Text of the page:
INTERNATIONAL GLAUCOMA REVIEW
Volume 13-4 2012
From The Royal Australian and New Zealand College of Ophthalmologists (RANZCO)
The paradox of early detection strategies is that we frequently detect artifact or slowly-progressive disease that will never affect our patients. Ophthalmology should draw lessons from other fields of medicine and recognize that technologies like OCT are poorly-suited for widespread glaucoma screening and are likely to over-diagnose patients with optic nerve or RNFL changes that will never lead to visual impairment.
M & T: As said before, assess ALL aspects of the glaucoma patient to maximize sound decision-making.
Visual Field Testing and Retinal Cell Ganglion
In a normal human retina, the visual field within 9° of fixation is served by one-third of the retinal ganglion cell population, but tested by less than 1/10 of the 24-2 test locations. The 10-2 tests 68 locations within 9° of fixation.
After the Ocular Hypertension Treatment Study (OHTS) demonstrated that central corneal thickness (CCT) is an important predictive factor for the development of glaucoma, ophthalmologists embraced pachymetry as an important diagnostic tool in the management of patients with glaucoma and ocular hypertension. However, how CCT should actually be used in day-to-day management of individual patients remains unclear. Some have chosen to use CCT as just one component of global risk assessment, whereas others have chosen to use one of the many published 'correction' nomograms to adjust IOP estimates acquired by Goldmann applanation tonometry (GAT).
Park, et al. found that adjusting GAT estimates using CCT-based formulae actually resulted in worse agreement between GAT and Pascal Dynamic Contour Tonometer (DCT). This finding was especially true in eyes with increased CCT. The authors' data strongly suggests that clinicians should not used so-called correction nomograms in individual patients. The fact that the agreement between GAT and DCT is worst among eyes with thick corneas should make us particularly careful about considering an ocular hypertensive with thick central corneal thicknesses to be low risk without fully assessing the optic nerve and visual field.
M & T: True, but "fully assessing the optic nerve" is the single most important aspect of the glaucoma evaluation.
24-Hour IOP Profiles in Primary Open-Angle Glaucoma (POAG)
A paper by Wang et al., contributes unique information of 24-hour intraocular pressure (IOP) profiles in subjects with primary open-angle glaucoma (POAG) identified from a population-based study in Handan, China. This is the first such evaluation of a population-based sample of newly-diagnosed and untreated POAG subjects. Notably, more than 80% of Chinese subjects with untreated POAG in this study had a peak IOP of <21mmHg on 24-hour phasing. In unilateral cases, the IOP in the glaucomatous eye was similar to the IOP in the contralateral non-glaucomatous eye. The finding of the majority of POAG patients having IOP within the statistically normal population range has also been reported in several population-based studies around the world, and it is noteworthy that within Asia, this has been found in Singapore, Japan, Korea, India and China (although none of these involved 24-hour IOP profiles). The study findings suggest the possible role of non-IOP related risk factors in the pathogenesis of glaucomatous optic neuropathy. Another implication is that there is no obvious cut-off of IOP where glaucoma occurs, and IOP cannot be used as a screening tool for POAG in the general population.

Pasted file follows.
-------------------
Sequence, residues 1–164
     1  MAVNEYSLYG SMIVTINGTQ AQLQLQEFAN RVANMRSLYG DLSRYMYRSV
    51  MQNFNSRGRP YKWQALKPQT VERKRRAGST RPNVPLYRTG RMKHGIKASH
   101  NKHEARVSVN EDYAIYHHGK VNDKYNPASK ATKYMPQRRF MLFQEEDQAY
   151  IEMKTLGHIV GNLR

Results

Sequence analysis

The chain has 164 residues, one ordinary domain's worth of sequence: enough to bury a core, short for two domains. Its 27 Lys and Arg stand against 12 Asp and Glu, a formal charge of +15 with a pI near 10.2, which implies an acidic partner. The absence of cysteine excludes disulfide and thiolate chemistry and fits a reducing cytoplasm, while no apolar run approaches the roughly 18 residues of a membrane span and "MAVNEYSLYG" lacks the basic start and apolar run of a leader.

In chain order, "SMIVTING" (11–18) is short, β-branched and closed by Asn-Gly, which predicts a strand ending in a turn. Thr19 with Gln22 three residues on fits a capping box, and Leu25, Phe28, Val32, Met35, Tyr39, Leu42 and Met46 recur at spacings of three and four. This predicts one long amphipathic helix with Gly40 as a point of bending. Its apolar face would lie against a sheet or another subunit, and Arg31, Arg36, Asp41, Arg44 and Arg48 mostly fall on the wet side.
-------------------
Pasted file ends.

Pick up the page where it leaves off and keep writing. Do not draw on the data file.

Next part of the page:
M & T: Again, no single parameter is sufficient; the evaluation must be comprehensive.
Retinal Nerve Fiber Layer (RNFL) Imaging
OCTs have become an important part of the glaucoma evaluation, and are commonly used to evaluate and manage glaucoma/glaucoma suspects. Health insurance data from the United States indicates that more OCTs are being reimbursed than retinal photographs, which may be an artifact due to reimbursement rates and how claims data are coded. Still as many clinicians use OCTs instead of retinal photographs to evaluate glaucoma suspects and glaucoma, it is encouraging to find evidence that they perform at least as well as the photographs in identifying and measuring RNFL loss.
M & T: If trying to decide which to purchase, go with the OCT.
Blood Flow and Glaucoma
Recent large population based studies have found ocular perfusion pressure (OPP) to be an independent risk factor for the development and progression of glaucoma.
M & T: Ocular perfusion pressure is essentially the diastolic blood pressure minus the IOP. If this number is less than 50mmHg, there is increased risk for progression. It now appears that assessing patients' blood pressures is yet another metric we need to insert into the comprehensive glaucoma workup. This may be especially true for patients who exhibit glaucoma when IOP is normotensive.
Alternate Daily Use of Travoprost in the Treatment of Ocular Hypertension
A randomized double-blind clinical trial comparing daily use to alternate daily use of travoprost 0.004% in the treatment of ocular hypertension concluded that alternate daily use was equal in safety and efficacy as daily use in lowering IOP.
M & T: A study in 2004 found that once-daily or once-weekly dosing of latanoprost provided equal IOP-lowering at 3-month follow-up, so this finding regarding travoprost is in no way surprising.